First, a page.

As you probably already know, scams and hoaxes are everywhere these days, and some of them are quite believable and compelling.
It’s very easy to fall for some of these scams because they mimic actions that are taken by legitimate programs and online services.
One of the most dangerous scams that’s making the rounds right now is the insidious “Your computer has a virus!” scam. There are several variations of this scam, but they typically work something like this…
You receive a pop-up notification or an email telling you that a virus has been found on your computer and you need to download an antivirus program to scan your hard drive and get rid of it.
The notice will include a download link for what they claim is a legitimate antivirus program such as McAfee or AVG, but the link is actually to a web page that will download a real virus to your PC if you click the link.
In other words, the notification telling you that your PC has a virus is itself the actual malware, and clicking the download link in the notification will install a real virus onto your system.
There are variations in the delivery method as well. Again, some of these fake virus notifications will displayed in a pop-up window or in your web browser when you’re viewing a malicious website, but they are also being delivered via email as well.
These fake virus notifications aren’t just targeting laptop and desktop computers either because I’ve received several reports of them being displayed on smart phones and tablets as well.
Luckily, these fake malware notifications are pretty easy to spot and avoid by keeping the following in mind:
1 – You can safely assume that any virus notification that wasn’t generated by the actual antivirus program that’s running on your computer is a fake.
For example, if you have Avast Antivirus installed on your PC and you receive a notice telling you that AVG, TrendMicro, McAfee or some other antivirus program has detected a virus on your computer, the notification is fraudulent. And there will be no exceptions.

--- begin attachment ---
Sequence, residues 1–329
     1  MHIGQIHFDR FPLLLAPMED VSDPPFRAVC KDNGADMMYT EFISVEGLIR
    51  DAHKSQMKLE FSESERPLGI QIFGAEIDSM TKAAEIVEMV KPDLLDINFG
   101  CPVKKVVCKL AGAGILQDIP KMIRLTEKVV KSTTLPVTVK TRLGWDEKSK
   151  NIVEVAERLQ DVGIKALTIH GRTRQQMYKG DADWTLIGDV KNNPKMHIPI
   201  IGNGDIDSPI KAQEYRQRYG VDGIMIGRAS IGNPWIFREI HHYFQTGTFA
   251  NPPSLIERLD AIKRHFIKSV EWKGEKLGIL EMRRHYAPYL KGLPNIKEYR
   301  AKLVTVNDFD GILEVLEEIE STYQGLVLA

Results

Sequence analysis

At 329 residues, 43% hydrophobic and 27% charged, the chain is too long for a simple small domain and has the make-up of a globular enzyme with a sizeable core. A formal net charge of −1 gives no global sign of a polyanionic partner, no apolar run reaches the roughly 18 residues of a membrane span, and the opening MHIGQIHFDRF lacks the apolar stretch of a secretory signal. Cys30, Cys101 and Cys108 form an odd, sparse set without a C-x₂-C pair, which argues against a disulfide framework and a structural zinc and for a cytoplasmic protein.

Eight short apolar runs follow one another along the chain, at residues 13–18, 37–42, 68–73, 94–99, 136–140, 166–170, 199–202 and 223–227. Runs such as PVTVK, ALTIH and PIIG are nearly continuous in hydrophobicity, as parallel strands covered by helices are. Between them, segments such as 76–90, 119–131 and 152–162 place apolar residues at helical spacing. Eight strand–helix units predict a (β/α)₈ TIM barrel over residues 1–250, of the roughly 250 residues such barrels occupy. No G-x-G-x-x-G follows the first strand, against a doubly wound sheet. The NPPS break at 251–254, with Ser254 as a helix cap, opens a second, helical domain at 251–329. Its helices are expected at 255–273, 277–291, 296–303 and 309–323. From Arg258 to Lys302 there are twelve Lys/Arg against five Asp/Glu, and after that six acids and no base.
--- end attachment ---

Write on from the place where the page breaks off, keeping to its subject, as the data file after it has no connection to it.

No antivirus program can detect a virus on your computer unless it is already installed and running a scan. Therefore, if you’re told that you need to download a program to remove a virus you’ll know right off the bat that the notification itself is fraudulent.
2 – If you receive a notification that claims to have been generated by the antivirus program that’s already on your computer, take a good, hard look at the notification and make sure it looks and acts like the notifications that you’ve been receiving from the antivirus app in the past.
For example, if your computer is running AVG Antivirus and you receive a virus alert via email that appears to be from AVG, you should assume that the email is fraudulent.
And the reason is simple: Antivirus apps don’t send virus alerts via email. They display them in a box that pops up on the screen in the vicinity of the notifications area (the bottom-right corner of the screen).
When you receive any form of virus notification you should do all of the following:
1 – Avoid clicking any download links whatsoever. You should already have an antivirus program running on your computer which means you shouldn’t need to download one in order to remove a virus mentioned in an alert.
2 – Close your web browser and all other open programs and then restart your PC. If you’re unable to close all the programs simply press and hold the computer’s Power button until it shuts down, then start it back up.
3 – Launch your real antivirus app and run a thorough scan. If one or more viruses actually exist on your computer the antivirus app you’re already running will likely find it when you run the scan.
4 – If your antivirus scan fails to detect any viruses you should always ask for a second opinion.
5 – Scan for other non-viral forms of malware with the free version of Malwarebytes. (After all, something caused that fake virus notification to pop up in the first place!)
Bottom line: You should only believe virus notifications that were generated by your (already) installed antivirus app. You can safely assume that all others are fake.
What’s more, even virus notifications that appear to be legitimate should be verified by running a thorough manual scan with your installed antivirus program.
And whatever you do, DO NOT click ANY download link in ANY virus notification pop-up box, email or web page.